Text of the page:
ATLANTA -- At times they played like the last-place teams they were as recently as a year ago. But after 12 tantalizing innings here last night, the Atlanta Braves and Minnesota Twins had produced a classic worthy of the World Series.
There was even a degree of justice (not David, though he was key factor) in the outcome -- because this was too good a game to produce an 0-3 deficit for the loser.
That was the prospect facing the Braves before they finally solved the Twins' bullpen to push across the deciding run early this morning for a pulsating 5-4 victory in the first World Series game ever played in Atlanta.
Mark Lemke, who only moments before had made what coulhave been a fatal error, delivered the hit -- a line drive over the head of shortstop Greg Gagne off Rick Aguilera. And it was David Justice, the near-goat of the National League Championship Series, who scored the winning run with a creative slide that barely enabled him to avoid the tag by Minnesota catcher Brian Harper.
This was a game that saw the Braves get a lead for the first timin the World Series, then lose it to a stunning pinch-hit home run by Minnesota's Chili Davis. It was a game that saw the usually-opportunistic Twins fail to capitalize on late-inning scoring opportunities.
It was a game that saw each team's stopper fail in the latinnings. It was a game, played under National League rules without the designated hitter, that saw pitcher Aguilera enter the game as a pinch-hitter.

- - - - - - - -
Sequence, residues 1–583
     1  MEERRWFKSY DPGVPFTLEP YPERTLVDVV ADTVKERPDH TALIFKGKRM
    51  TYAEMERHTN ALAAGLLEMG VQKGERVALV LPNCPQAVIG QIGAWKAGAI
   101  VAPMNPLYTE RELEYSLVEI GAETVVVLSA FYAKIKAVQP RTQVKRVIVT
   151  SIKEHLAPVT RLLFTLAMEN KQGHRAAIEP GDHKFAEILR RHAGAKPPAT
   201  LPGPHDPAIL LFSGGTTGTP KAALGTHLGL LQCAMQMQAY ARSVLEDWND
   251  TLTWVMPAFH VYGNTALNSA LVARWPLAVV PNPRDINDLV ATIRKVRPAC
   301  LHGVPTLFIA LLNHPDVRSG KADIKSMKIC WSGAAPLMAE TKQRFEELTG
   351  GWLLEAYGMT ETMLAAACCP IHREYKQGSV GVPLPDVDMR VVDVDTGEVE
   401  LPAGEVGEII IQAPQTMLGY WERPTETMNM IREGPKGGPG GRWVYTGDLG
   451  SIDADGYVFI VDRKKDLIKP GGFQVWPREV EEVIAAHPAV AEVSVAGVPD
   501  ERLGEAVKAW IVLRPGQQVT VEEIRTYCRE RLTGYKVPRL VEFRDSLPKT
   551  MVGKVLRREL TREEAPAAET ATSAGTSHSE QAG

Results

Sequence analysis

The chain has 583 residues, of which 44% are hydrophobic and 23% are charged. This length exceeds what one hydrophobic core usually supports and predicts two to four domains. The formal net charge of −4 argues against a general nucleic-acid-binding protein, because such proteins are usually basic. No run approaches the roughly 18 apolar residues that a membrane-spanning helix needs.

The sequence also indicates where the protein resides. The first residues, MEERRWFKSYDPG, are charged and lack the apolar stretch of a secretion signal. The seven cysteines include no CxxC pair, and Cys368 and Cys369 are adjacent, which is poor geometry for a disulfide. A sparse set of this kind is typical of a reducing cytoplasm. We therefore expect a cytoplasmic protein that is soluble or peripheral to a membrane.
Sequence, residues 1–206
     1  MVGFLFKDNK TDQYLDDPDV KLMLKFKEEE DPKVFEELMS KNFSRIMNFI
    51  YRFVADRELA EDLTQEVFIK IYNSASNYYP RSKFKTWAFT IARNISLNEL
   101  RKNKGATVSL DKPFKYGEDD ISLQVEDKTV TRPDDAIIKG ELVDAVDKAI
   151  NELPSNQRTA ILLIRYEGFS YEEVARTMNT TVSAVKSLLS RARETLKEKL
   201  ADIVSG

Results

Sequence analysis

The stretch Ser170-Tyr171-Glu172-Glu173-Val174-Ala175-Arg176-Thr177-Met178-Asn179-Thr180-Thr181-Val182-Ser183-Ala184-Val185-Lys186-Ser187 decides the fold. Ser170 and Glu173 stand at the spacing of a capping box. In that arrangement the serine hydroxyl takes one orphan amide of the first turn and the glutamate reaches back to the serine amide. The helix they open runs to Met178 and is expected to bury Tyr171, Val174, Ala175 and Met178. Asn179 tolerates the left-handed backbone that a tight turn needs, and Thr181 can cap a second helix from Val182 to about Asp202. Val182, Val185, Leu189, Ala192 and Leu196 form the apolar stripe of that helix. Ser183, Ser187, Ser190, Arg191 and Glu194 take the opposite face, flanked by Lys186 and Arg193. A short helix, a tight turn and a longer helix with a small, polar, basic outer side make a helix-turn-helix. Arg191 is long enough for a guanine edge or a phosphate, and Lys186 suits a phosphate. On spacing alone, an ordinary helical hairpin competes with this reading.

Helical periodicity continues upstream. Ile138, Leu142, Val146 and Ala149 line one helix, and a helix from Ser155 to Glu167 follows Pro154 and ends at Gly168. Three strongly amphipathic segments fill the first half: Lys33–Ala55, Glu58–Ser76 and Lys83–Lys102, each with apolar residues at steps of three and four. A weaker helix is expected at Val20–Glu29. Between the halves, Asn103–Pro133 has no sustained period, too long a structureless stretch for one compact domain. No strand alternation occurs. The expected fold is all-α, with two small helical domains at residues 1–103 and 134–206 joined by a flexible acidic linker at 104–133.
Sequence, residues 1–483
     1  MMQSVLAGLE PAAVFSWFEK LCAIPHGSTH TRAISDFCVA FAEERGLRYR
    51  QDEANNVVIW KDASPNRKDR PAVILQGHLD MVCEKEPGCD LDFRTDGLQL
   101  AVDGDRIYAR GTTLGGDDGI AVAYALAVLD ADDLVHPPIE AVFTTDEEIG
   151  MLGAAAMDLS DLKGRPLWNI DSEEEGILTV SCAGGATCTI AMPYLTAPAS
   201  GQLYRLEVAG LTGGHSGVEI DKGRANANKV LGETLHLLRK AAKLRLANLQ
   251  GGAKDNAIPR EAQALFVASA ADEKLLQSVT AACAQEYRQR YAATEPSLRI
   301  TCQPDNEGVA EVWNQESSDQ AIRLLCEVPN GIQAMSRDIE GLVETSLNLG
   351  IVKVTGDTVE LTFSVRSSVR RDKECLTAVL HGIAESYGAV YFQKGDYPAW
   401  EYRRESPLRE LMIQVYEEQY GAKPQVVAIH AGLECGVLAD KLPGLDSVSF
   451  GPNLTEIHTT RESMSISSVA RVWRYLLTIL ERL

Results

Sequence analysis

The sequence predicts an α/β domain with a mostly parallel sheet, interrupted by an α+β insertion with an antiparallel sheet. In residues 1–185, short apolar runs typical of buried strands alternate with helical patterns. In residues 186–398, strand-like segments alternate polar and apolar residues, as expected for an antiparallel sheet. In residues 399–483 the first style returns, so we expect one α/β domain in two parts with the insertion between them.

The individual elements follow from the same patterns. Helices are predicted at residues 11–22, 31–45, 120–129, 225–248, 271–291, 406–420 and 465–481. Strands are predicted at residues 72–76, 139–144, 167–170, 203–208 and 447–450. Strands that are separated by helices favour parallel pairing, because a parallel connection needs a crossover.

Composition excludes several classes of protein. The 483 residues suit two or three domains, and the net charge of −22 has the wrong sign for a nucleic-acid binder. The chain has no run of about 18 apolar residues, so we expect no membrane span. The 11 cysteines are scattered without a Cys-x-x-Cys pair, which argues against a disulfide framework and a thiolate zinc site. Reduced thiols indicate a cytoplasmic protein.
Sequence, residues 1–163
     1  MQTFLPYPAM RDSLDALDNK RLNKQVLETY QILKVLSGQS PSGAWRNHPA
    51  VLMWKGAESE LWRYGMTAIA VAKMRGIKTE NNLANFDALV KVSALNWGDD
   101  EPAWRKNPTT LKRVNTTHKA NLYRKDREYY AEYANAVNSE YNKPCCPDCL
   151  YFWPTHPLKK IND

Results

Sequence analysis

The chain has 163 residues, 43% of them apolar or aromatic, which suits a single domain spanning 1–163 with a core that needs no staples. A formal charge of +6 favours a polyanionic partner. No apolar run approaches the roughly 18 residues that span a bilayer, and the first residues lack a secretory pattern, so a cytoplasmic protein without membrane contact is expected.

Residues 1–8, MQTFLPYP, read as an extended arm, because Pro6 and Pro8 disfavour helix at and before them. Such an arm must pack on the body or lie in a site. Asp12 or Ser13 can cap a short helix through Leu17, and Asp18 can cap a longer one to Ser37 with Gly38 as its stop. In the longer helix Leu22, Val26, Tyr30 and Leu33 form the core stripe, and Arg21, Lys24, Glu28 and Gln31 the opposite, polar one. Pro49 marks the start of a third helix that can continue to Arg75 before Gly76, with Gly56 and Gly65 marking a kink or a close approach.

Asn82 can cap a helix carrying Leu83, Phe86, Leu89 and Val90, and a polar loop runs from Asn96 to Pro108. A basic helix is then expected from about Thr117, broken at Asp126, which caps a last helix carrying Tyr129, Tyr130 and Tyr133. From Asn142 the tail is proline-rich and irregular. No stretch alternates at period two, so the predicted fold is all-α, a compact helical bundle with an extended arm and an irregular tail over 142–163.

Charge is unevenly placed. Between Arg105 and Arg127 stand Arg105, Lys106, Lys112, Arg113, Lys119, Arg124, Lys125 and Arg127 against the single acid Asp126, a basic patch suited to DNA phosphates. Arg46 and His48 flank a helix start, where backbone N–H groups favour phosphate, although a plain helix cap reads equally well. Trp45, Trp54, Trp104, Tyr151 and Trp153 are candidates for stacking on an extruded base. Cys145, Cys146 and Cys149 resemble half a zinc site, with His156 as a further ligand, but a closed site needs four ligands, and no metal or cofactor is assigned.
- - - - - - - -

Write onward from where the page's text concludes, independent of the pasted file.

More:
It produced records for players used (42), pinch-hitters (11), anequaled the second longest World Series game in history. Also, it was a game that saw the Braves dodge an 0-and-3 bullet and keep alive their hopes for a perfect ending to their fairy-tale season.
Even losing manager Tom Kelly, who used every player on hiroster except his starting pitchers for the next two nights (Jack Morris and Kevin Tapani), was able to put the excitement of the moment ahead of the disappointment of the loss.
"It was a terrific game," said Kelly, who made bold moves alnight in an effort to take an insurmountable lead. "We were down 4-1 against [Steve] Avery and put a scare into him. The bottom line is we had a couple of chances to get the job done and we didn't do it. I felt pretty good about the ballclub.
"I'm not glad we lost, but it was a helluva game."
When Lemke booted Chuck Knoblauch's room servicdouble-play grounder in the top of the 12th inning, he was lower than the basement of Fulton County Stadium. "But I looked at a couple of the guys in the infield and they all said, 'Hey, let's go -- you're not done and we're not done,' " he said. "It's unfortunate those things have to happen and I really felt bad about it, but I knew it wasn't the end of the world."
Lemke was bailed out by lefty reliever Kent Mercker, who goKent Hrbek looking at a third strike, and righthander Jim Clancy, who got Aguilera, batting for Mark Guthrie, to fly out to centerfield.
When the Braves came off the field, catcher Greg Olson said tLemke: "Come on, let's go -- you're going to get the game-winning hit right here."